LEADER

Kenya should narrow budget deficit, reduce total borrowing

The country is expected to spend Sh1.1 trillion to repay loans of which Sh366.4 billion will be interests.

In Summary

• Kenya has recorded the lowest rates of expansion (less than six per cent per annum) in the past five years.

•The government must change its approach debt management.

Treasury Cs Henry Rotich.
Treasury Cs Henry Rotich.
Image: ENOS TECHE

Kenya’s annual debt will in 2019-20 cross Sh1 trillion for the first time in history, according to estimates presented to Parliament.

The country will spend Sh1.1 trillion on loans, of which Sh366.4 billion will be interest. Kenya’s rising public debt has been a point of discussion in most macroeconomic assessments, the World Bank and IMF, with global credit rating agencies raising concerns.

The debt ratio to GDP was estimated at 56.2 per cent in 2017 (from 44.0 per cent five years ago and 38.4 per cent ten years ago). Across the world, debt level for frontier economies is 50.0 per cent of GDP. Kenya is 6.2 per cent above that level.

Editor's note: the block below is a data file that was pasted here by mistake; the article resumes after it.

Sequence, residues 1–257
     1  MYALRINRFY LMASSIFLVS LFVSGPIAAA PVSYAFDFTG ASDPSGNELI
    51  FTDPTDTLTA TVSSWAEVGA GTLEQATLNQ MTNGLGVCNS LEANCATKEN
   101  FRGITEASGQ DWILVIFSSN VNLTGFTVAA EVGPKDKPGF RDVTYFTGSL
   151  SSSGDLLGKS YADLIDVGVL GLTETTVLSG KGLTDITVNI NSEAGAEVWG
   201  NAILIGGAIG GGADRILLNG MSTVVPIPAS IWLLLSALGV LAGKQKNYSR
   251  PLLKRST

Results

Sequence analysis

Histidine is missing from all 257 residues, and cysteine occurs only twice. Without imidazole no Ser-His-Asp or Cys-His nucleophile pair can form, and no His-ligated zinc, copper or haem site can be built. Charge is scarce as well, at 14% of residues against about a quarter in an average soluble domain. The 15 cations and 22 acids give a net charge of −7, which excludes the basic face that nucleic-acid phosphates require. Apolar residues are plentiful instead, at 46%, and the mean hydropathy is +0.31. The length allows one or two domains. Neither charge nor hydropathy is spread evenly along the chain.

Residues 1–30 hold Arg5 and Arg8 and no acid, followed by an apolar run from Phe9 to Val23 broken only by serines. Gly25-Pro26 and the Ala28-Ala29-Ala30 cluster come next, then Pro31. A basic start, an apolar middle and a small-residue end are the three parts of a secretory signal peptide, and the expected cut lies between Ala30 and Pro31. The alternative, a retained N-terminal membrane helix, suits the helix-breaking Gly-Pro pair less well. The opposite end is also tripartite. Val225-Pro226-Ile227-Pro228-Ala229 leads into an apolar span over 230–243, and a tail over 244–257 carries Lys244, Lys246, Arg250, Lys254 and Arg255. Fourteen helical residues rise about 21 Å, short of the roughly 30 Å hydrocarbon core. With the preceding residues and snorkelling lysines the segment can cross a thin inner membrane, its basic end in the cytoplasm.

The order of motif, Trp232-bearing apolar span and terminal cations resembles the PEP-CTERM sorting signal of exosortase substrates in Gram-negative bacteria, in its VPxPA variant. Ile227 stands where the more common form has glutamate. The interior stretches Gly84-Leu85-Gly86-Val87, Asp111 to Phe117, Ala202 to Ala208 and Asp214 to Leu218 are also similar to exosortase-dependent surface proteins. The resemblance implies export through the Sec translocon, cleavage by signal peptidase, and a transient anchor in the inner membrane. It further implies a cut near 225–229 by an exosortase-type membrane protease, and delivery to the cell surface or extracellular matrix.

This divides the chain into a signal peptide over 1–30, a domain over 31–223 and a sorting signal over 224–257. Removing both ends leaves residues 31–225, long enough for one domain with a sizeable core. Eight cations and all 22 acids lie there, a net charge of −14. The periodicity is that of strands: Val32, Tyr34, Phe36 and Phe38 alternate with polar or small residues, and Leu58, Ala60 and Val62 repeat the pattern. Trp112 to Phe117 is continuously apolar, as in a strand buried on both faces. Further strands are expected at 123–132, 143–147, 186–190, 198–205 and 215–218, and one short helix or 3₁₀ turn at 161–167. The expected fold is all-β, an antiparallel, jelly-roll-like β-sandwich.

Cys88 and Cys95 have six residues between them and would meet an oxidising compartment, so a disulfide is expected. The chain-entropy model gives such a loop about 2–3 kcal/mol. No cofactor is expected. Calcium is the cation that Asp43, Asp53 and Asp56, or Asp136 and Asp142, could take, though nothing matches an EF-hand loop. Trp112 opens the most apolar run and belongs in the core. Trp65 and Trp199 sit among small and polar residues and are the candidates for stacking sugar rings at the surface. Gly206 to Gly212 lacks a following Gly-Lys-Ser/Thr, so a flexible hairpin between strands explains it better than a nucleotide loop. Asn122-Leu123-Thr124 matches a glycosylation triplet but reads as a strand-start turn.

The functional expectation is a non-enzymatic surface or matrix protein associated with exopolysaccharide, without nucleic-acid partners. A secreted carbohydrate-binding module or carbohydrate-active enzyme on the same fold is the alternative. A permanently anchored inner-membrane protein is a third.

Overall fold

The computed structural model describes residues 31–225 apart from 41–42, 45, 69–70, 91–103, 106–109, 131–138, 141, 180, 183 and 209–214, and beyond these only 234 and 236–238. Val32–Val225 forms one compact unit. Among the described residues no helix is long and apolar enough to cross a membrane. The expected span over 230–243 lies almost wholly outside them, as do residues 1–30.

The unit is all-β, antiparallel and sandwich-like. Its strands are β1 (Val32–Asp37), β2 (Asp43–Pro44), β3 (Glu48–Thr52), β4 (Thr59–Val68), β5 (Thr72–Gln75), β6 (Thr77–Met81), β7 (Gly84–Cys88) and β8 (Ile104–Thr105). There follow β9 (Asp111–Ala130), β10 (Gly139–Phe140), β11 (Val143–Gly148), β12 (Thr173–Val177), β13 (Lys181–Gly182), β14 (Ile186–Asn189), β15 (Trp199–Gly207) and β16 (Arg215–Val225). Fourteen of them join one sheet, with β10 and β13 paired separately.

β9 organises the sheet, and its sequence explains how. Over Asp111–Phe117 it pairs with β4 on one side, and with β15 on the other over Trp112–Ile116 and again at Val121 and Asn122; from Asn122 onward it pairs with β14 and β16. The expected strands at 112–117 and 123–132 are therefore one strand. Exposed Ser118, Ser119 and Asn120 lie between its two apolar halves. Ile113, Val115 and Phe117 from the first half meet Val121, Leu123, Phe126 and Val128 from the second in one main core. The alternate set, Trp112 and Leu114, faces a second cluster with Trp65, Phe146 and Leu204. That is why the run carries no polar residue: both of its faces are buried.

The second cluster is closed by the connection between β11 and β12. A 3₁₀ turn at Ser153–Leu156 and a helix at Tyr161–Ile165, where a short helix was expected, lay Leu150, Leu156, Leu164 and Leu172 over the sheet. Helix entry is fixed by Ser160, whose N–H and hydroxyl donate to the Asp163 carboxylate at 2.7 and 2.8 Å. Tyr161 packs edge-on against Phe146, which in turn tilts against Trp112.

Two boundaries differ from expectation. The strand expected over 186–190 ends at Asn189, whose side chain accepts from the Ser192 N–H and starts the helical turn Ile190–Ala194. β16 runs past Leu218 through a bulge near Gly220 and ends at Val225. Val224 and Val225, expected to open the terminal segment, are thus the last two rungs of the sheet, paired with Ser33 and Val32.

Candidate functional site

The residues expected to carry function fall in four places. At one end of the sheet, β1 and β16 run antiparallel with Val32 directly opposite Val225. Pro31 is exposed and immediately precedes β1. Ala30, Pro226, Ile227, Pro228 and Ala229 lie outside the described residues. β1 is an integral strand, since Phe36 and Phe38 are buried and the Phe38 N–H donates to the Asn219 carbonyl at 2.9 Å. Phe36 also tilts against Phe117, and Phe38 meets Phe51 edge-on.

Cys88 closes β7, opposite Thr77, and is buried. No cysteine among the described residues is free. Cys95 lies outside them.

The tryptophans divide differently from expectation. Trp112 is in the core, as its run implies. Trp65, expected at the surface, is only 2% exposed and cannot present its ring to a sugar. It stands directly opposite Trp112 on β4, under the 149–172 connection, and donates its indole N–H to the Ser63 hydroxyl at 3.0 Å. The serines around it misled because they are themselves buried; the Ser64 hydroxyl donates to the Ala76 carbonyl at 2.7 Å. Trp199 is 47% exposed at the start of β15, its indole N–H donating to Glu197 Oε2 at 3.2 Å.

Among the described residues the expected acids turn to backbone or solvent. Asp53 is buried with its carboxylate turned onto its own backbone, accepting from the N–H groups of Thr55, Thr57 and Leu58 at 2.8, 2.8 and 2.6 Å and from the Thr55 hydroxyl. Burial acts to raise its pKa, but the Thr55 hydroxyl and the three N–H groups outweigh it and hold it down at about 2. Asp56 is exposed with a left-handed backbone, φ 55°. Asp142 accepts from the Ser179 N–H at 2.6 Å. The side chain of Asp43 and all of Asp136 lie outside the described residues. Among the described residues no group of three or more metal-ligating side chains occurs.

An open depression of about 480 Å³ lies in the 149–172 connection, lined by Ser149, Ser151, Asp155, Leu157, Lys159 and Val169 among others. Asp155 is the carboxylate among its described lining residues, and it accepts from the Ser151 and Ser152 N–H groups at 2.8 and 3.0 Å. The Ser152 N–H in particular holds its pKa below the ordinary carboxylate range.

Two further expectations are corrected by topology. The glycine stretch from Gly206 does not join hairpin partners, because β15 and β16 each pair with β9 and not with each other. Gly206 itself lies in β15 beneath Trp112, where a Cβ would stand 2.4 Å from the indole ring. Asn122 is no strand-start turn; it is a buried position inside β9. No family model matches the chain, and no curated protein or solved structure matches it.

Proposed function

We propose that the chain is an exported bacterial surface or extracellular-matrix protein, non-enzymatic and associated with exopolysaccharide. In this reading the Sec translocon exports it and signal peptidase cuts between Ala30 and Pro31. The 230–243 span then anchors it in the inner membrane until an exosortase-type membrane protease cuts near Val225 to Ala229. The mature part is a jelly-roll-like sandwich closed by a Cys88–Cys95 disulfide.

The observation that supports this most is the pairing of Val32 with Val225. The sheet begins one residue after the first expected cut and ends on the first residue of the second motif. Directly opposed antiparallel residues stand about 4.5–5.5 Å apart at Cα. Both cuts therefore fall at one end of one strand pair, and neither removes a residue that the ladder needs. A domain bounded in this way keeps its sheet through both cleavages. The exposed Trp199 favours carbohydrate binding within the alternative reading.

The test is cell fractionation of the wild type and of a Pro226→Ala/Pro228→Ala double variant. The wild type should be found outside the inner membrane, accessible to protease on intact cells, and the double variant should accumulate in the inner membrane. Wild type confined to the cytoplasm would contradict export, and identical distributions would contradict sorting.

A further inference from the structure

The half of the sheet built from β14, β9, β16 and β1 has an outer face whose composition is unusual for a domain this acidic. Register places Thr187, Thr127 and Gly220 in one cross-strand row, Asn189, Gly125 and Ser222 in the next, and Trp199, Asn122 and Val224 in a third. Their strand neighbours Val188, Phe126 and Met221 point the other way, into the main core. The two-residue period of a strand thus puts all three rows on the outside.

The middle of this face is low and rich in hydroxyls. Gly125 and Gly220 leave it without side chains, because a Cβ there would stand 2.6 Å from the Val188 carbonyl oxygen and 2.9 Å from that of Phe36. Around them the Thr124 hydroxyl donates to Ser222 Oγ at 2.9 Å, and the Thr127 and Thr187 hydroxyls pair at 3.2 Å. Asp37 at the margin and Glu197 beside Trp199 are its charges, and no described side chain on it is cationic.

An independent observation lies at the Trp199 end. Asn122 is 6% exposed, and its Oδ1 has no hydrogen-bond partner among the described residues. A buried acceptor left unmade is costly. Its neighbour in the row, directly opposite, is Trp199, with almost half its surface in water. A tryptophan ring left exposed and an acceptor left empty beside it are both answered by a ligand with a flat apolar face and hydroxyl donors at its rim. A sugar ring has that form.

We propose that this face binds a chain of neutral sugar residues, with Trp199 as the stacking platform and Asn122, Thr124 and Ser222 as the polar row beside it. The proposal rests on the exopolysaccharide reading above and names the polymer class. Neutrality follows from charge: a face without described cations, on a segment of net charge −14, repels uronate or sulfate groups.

This could result in a crisis. The debts arise from high government spending, low tax levels, uncontrolled borrowing, poor economic conditions and inappropriate fiscal policies.

Kenya has recorded the lowest rates of expansion (less than six per cent per annum) in the past five years — trailing its neighbours, even as its debt grew by double digits. Uganda, Tanzania and Rwanda have been growing at between five and eight per cent.

The objectives of growth under Vision 2030’s Second Medium Term can only be realised if Kenya improves governance, keeps inflation low and refines the business environment.

The government must change its approach to debt management as the current one has proved to be completely dysfunctional.